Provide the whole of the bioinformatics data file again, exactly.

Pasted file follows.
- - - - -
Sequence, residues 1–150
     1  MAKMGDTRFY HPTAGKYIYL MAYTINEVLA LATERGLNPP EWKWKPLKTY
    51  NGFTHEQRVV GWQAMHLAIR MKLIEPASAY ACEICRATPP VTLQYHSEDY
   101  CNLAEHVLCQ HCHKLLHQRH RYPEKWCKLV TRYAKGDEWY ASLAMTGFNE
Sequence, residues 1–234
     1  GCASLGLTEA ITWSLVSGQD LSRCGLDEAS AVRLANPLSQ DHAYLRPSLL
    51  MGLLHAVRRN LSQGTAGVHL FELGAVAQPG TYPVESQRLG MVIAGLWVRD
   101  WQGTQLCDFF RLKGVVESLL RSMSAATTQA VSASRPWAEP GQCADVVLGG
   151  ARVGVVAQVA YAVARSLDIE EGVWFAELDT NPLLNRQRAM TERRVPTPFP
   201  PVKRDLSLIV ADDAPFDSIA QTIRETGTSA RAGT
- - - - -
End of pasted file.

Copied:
Sequence, residues 1–150
     1  MAKMGDTRFY HPTAGKYIYL MAYTINEVLA LATERGLNPP EWKWKPLKTY
    51  NGFTHEQRVV GWQAMHLAIR MKLIEPASAY ACEICRATPP VTLQYHSEDY
   101  CNLAEHVLCQ HCHKLLHQRH RYPEKWCKLV TRYAKGDEWY ASLAMTGFNE
Sequence, residues 1–234
     1  GCASLGLTEA ITWSLVSGQD LSRCGLDEAS AVRLANPLSQ DHAYLRPSLL
    51  MGLLHAVRRN LSQGTAGVHL FELGAVAQPG TYPVESQRLG MVIAGLWVRD
   101  WQGTQLCDFF RLKGVVESLL RSMSAATTQA VSASRPWAEP GQCADVVLGG
   151  ARVGVVAQVA YAVARSLDIE EGVWFAELDT NPLLNRQRAM TERRVPTPFP
   201  PVKRDLSLIV ADDAPFDSIA QTIRETGTSA RAGT